October 25, 2014

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Denounce right-wing attacks on mosque

Aug. 19, 2010

By Steve Mount

“Thou shalt allow religious freedom.”

This is as close to a secular commandment that the United States has. Along with the freedoms of speech, of the press, of assembly and of petition, freedom of religion is an important First Amendment right.

We have often let ourselves be blinded to our freedoms (adding “under God” to our Pledge of Allegiance, for example, as a counter to communist godlessness, and in doing so violating the spirit of religious freedom). Some of the figureheads of the Republican Party and conservative movement, however, have latched on to a new issue to garner support while not only turning a blind eye to the principle, but actively disrespecting it.

In case you have not heard, there is a brouhaha brewing about a new building being proposed for 51 Park Place in lower Manhattan. The building, aptly named Park51 and financed by Islamic community groups, will contain a gym, an auditorium, a restaurant, a library, childcare facilities, a Sept. 11 memorial and, controversially, a mosque.

Over the past month, the shrill right has begun to keen about this issue. Such Republican luminaries as Sarah Palin and Newt Gingrich have publicly denounced the project. One person, Bryan Fischer of the American Family Association, is advocating not just a halt to the building of the Park51 mosque, but a halt to the construction of all mosques across the United States.

Driven by the talking heads, some less thoughtful right wing sheep have begun to flock to the city to hold up placards and protest signs. I’m almost too embarrassed for them to reprint what they say, but the only way to illustrate the lunacy is to do so:

- “Don’t glorify murders of 3000 – no 9/11 Victory Mosque”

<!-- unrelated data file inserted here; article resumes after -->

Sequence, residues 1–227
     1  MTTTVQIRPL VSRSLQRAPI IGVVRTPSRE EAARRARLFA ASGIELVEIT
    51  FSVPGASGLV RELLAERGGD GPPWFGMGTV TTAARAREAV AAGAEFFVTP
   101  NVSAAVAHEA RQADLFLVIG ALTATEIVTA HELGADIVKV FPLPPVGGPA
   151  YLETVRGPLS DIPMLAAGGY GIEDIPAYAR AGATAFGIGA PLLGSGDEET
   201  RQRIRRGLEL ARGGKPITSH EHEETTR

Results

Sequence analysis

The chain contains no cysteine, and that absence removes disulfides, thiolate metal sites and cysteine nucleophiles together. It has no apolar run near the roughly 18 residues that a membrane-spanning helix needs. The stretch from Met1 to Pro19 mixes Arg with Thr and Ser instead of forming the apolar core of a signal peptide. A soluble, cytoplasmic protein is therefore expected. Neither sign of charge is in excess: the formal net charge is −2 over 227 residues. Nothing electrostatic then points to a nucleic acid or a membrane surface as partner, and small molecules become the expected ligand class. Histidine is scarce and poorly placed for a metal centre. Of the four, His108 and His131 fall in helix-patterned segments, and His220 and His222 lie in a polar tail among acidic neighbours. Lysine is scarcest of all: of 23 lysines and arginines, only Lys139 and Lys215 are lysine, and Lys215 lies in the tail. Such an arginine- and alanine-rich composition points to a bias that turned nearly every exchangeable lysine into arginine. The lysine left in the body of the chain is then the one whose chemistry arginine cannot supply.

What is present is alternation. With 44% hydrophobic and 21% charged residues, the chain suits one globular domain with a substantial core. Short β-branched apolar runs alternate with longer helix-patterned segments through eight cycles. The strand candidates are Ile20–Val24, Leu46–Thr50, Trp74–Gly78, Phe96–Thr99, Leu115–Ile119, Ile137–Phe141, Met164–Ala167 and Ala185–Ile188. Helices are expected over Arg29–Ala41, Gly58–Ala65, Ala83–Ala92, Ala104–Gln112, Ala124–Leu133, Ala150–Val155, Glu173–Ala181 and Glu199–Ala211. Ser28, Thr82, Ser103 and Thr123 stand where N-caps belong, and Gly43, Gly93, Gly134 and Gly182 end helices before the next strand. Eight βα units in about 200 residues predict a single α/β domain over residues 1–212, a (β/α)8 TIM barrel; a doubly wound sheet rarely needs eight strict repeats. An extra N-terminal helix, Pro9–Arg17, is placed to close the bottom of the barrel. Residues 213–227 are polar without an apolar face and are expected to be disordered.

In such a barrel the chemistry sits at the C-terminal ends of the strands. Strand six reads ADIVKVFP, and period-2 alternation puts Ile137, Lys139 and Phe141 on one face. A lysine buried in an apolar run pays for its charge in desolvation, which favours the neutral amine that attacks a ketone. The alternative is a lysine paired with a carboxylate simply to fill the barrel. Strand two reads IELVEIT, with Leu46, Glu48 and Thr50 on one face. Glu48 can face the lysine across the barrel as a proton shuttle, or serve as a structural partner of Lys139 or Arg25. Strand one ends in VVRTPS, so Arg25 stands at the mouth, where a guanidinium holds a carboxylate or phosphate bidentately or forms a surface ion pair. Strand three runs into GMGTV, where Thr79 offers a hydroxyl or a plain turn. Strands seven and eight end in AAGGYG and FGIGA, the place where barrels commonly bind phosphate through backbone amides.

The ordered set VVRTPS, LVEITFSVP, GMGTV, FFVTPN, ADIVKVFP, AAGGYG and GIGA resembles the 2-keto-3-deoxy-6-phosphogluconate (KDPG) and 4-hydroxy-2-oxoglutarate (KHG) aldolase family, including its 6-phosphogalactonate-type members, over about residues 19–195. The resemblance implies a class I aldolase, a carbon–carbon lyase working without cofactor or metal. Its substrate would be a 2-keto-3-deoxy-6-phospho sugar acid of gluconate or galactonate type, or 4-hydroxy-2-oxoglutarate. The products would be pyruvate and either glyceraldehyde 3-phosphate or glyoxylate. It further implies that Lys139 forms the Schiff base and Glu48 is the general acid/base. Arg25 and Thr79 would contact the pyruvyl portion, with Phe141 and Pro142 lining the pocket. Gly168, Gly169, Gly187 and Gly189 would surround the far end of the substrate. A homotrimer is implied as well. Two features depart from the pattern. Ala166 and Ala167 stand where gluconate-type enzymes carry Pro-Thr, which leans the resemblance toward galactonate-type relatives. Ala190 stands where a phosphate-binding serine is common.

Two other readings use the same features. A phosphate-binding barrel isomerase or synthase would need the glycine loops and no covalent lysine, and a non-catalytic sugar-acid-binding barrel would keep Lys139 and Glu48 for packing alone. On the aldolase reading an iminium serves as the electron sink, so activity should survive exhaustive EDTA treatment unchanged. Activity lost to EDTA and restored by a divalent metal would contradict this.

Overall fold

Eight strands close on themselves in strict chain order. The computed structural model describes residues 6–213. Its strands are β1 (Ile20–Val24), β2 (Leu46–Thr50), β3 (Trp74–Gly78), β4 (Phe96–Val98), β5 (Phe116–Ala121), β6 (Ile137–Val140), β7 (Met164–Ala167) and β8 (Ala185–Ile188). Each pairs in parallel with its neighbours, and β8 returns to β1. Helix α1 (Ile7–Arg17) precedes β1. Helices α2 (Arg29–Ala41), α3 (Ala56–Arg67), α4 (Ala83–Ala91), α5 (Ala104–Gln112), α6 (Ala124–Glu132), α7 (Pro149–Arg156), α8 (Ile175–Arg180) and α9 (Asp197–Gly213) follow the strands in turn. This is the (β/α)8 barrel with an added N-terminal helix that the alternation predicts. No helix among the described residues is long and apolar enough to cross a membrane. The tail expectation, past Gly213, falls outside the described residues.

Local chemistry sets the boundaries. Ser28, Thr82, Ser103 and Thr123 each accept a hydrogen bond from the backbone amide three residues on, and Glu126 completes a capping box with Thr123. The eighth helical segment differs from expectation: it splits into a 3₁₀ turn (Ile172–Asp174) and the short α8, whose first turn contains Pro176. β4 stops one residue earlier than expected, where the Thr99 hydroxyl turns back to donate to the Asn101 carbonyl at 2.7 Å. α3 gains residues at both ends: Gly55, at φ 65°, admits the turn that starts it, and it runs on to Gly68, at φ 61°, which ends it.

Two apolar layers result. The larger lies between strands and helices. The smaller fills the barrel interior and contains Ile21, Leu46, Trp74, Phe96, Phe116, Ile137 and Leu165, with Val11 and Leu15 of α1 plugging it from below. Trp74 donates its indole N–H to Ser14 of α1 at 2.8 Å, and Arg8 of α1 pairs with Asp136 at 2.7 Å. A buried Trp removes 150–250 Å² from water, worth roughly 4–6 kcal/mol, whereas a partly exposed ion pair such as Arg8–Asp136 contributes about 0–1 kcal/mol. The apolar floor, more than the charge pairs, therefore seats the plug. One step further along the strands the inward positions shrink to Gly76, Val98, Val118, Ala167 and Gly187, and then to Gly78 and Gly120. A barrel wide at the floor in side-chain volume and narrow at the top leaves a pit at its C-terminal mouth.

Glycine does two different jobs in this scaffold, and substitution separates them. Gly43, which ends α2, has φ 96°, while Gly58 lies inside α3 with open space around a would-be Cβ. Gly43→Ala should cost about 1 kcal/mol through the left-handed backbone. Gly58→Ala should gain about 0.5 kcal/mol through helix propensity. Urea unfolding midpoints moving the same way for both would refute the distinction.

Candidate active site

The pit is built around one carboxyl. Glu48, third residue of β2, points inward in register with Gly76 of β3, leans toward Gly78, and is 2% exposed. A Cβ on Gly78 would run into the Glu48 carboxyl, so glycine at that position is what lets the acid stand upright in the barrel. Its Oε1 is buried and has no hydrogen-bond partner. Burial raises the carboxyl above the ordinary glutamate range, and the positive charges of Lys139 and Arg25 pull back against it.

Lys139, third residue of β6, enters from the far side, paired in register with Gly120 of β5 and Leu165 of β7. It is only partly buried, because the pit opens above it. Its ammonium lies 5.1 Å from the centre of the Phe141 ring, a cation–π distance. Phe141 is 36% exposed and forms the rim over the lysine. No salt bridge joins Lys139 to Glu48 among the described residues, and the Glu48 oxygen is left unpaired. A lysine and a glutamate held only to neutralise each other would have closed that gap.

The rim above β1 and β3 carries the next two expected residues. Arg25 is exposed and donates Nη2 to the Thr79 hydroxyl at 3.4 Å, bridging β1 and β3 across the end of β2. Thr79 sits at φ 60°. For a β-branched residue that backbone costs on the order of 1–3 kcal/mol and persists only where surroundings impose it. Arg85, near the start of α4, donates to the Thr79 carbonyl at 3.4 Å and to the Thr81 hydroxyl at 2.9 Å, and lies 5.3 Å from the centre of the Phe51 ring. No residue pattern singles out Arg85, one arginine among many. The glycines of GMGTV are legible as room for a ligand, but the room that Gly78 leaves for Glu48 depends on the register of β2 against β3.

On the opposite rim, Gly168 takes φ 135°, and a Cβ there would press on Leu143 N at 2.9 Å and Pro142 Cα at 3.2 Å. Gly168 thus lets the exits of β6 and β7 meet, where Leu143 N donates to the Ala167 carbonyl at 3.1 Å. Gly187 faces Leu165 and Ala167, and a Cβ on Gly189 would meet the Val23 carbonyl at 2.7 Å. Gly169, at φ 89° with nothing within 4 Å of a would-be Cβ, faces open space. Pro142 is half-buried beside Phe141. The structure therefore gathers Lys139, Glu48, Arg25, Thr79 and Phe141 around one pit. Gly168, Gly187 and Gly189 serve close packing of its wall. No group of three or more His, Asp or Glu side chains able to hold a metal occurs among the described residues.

- “Islam builds mosques at the sites of their conquests and victories”

- “A mosque at Ground Zero spits on the graves of 9/11 victims”

All of this lunacy over nothing.

The truth is that the proposed mosque is not at Ground Zero. Imagine, for a moment, that Burlington’s Town Center mall is Ground Zero. The location of the mosque in New York City is equivalent to where Burlington’s Fletcher Free Library is. No one would say that the library is “in” the Burlington Town Center mall. It is a mistake at best, and a deception at worst, to say that the proposed site is “at” Ground Zero.

All of this lunacy is contrary to a cherished American principle.

I think it is safe to say that if Park51 was going to hold a chapel, church or synagogue, then there would be not so much as a single breath wasted on it. The fact that it is a mosque should not be relevant.

An argument is that Islam is a religion of violence, and allowing the mosque at Park51 is akin to allowing a terrorist training ground in the middle of Lower Manhattan. This guilt by association only works because many people buy into the notion that Islam is a religion of violence. What Islam has is an unfortunate number of fanatics who twist the religion to their own agenda, and that’s no reason to stop construction at Park51, let alone, of course, a nationwide moratorium.

Based on that sort of logic, the actions of Oklahoma City bomber Timothy McVeigh would have stopped construction of Catholic churches; Scott Roeder’s killing of abortion doctor George Tiller and Atlanta Olympics bomber Eric Rudolph should have closed down other Christian churches. Religious terrorism is not unique to Islam. We cannot paint an entire religion with the brush given to us by these zealots.

Fortunately, at the end of the day, cooler heads will prevail. Though some called it a political risk, President Obama came out firmly in support of the Park51 project, as has New York City mayor Michael Bloomberg.

Americans, regardless of creed or political leaning, should lend their support to the groups responsible for the Park51 project. If you cannot, perhaps you should rethink your feelings about religious freedom in general.

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As a reminder, the primary elections are taking place next Tuesday. There are choices to be made on both the Democratic and Republican ballots. Primaries are much less well attended than the general election, but I hope that if you were not sure about voting on Tuesday, a few words of encouragement will sway you.

Voting is another of our cherished rights, and we should not waste it. Please, vote on Tuesday.

Steve Mount has been a Williston resident since 1996. He is a software engineer at GE Healthcare and is devoted to his family, his country and his Constitution. You can reach Steve at [email protected] or read his blog at http://saltyrain.com/ls.

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